Saudi Arabia to Supply India 4 Million Extra Barrels of Oil Next Month
OCT 14, 2018: Saudi Arabia, the world’s biggest oil exporter, will supply Indian buyers with an additional 4 million barrels of crude oil in November, several sources familiar with the matter said on Wednesday.
The extra cargoes indicate a willingness by the kingdom to increase crude supply to make up the shortfall once sanctions by the United States on oil exports from Iran, the third-largest producer in the Organization of the Petroleum Exporting Countries (OPEC), kick in on November 4.
India is Iran’s top oil client after China, and some refiners have indicated they will stop taking Iranian barrels because of the sanctions.
Reliance Industries Ltd, Hindustan Petroleum Corp, Bharat Petroleum Corp and Mangalore Refinery Petrochemicals Ltd are seeking an additional one million barrels each in November from the kingdom, the sources said.
Given their dependence on Iranian oil supplies, the Indian refiners are concerned about the loss of Iranian crude once the sanctions start and are seeking exemptions from the US. Two Indian refiners have ordered two cargoes of Iranian oil, a total of 9 million barrels, for November delivery.
India is unlikely to cut off completely the cheap Iranian oil that is suitable for its refineries, report OilPrice.com citing Indian government officials.
Petroleum Minister Dharmendra Pradhan earlier this week told media that India had hoped to score a sanction waiver from Washington because it had significantly reduced its intake of Iranian oil ahead of the November 4 deadline, but he mentioned no plans to bring this down to zero.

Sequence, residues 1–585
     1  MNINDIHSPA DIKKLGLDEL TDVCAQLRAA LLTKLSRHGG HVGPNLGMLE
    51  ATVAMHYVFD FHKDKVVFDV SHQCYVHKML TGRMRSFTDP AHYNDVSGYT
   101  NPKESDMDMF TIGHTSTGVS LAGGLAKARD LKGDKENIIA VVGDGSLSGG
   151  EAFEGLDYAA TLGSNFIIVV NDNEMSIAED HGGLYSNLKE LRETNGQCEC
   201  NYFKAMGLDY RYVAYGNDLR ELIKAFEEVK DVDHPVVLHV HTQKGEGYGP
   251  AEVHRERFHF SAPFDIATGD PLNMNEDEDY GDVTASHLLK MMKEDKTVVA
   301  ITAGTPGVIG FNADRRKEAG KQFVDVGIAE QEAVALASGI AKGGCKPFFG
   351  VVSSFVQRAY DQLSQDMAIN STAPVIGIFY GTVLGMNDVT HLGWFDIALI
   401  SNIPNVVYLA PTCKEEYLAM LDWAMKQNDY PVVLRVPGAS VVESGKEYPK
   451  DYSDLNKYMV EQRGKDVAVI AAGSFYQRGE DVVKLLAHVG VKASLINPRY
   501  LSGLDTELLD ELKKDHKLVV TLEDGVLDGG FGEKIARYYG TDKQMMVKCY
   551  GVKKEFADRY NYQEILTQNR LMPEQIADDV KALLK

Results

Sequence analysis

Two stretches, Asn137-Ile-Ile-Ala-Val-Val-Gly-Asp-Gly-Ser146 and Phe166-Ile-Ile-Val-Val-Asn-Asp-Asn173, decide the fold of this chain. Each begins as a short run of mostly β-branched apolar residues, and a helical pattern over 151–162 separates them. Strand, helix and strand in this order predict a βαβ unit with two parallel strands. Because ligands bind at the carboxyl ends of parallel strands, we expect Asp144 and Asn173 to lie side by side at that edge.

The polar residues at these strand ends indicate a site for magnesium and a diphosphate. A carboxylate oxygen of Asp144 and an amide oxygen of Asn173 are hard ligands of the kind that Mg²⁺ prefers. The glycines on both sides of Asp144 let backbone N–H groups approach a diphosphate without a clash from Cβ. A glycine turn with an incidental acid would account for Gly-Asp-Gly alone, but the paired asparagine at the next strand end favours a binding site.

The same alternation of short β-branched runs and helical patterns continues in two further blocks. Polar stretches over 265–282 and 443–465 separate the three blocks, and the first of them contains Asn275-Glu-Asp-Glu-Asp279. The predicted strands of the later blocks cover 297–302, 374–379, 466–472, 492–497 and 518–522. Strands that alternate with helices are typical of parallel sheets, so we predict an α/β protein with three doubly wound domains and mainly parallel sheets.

Recent reports have it that India has discussed ditching the U.S. dollar in its trading of oil with Russia, Venezuela, and Iran, instead settling the trade either in Indian rupees or under a barter agreement.
Related Article: Indian Rupee Hits Record Low Vs. Dollar On Rising Oil Prices
India wants to keep importing oil from Iran, because Tehran offers some discounts and incentives for Indian buyers at a time when the Indian government is struggling with higher oil prices and a weakening local currency that additionally weighs on its oil import bill.
But the United States continues to insist that it expects Iranian oil buyers to bring their purchases down to zero.
India, the world’s third biggest oil importer, is grappling with a combination of rising oil prices and falling local currency, which makes imports of dollar-denominated oil more expensive. Retail prices for gasoline and diesel fuel in India are at record highs and the government has cut its excise tax on fuel to ease some of the pain for consumers.
Related Article: India’s Oil Appetite is Growing, And Its Refineries Can’t Keep Up
The country will face “internal” issues in the form of higher inflation and possibly weaker growth from high oil prices (if oil prices were to stay at current levels of $80/barrel), according to Kotak Institutional Equities.
Pradhan said on Monday that he spoke with Saudi Energy Minister Khalid al-Falih last week and reminded him that OPEC and other major oil producers had promised to raise their output at a meeting in June.
India imports an average of 25 million barrels per month from the Saudi Kingdom.
Last week Russia and Saudi Arabia, the world’s two biggest oil producers, struck a private deal in September to raise output to cool rising prices and had informed the United States about the decision, according to Reuters.
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